It all started on my birthday, ironically, when I thought I saw a ghost in the back of the church. Instead, it was my college roommate, Doug, with whom I have shared some of life's most amazing moments, and his lovely wife, Molly. They were visiting from Honduras, where they care for children suffering from HIV/AIDS. You can read about their work or donate to them by clicking here. They couldn't stay long, but it meant a lot to me that they went out of their way to swing by BCN and see if I was there.

While Doug and Molly were there, they invited me to a gathering in Columbus the following Saturday. While there I reconnected with some people who have played an integral role in my spiritual development, saw some old friends from college I haven't seen for years, and met some wonderful new people.

Then I got to have lunch with Brandon last week, one of those friends with whom I have reconnected in this journey. It was a pleasure and a privilege to be with him. He, Doug & Molly, and others (many whose blogs are linked to the right) have had a profoud impact on the (hopefully) deepening of my spiritual walk and commitment to Jesus.

All this sandwiched around a trip to my parents' in Kentucky so Braden have fun in the water, a couple small birthday celebrations, revisiting an old hobby (baseball cards; I've decided to start building my first set, the 1968 Topps set), an opportunity to speak in our EPIC service here at BCN, an amazing all-church prayer meeting, deepening friendships with the people in this new community, and the joy my wife and my son bring me day in and day out.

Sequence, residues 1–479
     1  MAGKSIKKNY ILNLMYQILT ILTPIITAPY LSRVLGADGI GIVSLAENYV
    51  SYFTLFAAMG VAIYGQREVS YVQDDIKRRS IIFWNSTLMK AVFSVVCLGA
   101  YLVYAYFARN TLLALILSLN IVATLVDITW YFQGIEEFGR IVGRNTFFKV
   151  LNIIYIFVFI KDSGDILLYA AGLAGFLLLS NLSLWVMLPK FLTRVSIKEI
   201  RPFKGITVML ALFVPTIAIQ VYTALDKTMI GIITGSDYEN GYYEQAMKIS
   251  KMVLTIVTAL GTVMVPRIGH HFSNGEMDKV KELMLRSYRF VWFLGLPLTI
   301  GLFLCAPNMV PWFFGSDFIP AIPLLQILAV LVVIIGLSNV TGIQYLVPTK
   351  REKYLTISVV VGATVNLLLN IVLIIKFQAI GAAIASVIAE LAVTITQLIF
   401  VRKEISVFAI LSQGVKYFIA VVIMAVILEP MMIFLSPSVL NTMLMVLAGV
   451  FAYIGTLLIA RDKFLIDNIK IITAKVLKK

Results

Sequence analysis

Kari and I are preparing to tackle our first NT Wright book together, The Challenge of Jesus. We're both excited about it. We're also still dealing with the balance between ministering to the young adults here at BCN and truly developing the Small Groups ministry, which (if accomplished with my true vision) will require quite a culture change. Frankly, there's not much balance at all right now.

I've been dealing with a few questions lately, mostly surrounding nationalism, patriotism, and the Kingdom. There's a great conversation on this topic taking place here and here.

Oh...Kari and I are about to start composting.


You heard it here first...  

Posted by BT

Well, maybe you heard it somewhere else first, or maybe you figured it out on your own.

The Cardinals are terrible. They did a lousy job building a team to compete their first year in a new stadium. Their ownership, which has always been very aggressive and willing to reinvest profits in player salaries and team improvement, apparently has decided that the bottom line is all that matters anymore.

The Reds will win the NL Central, and they will do so with considerable ease (4 games or more). One of the teams from the West or the Phillies or Braves will win the Wild Card. The Cardinals will go home disappointed, where they deserve to be with a sorry pitching staff like the one they have.

This is not me being a naysayer. It's not me trying reverse psychology. It's not even me trying to prepare myself for the heartache. Any reasonable observer would draw the same conclusion.

Congratulations to the Reds, whose new ownership, as I feared, will embarrass Walt Jocketty and the boys for years to come. What a shame for Pujols.

When the Redbirds leave Cincinnati next Thursday, they'll be comfortably in second place. And they'll be lucky to stay there.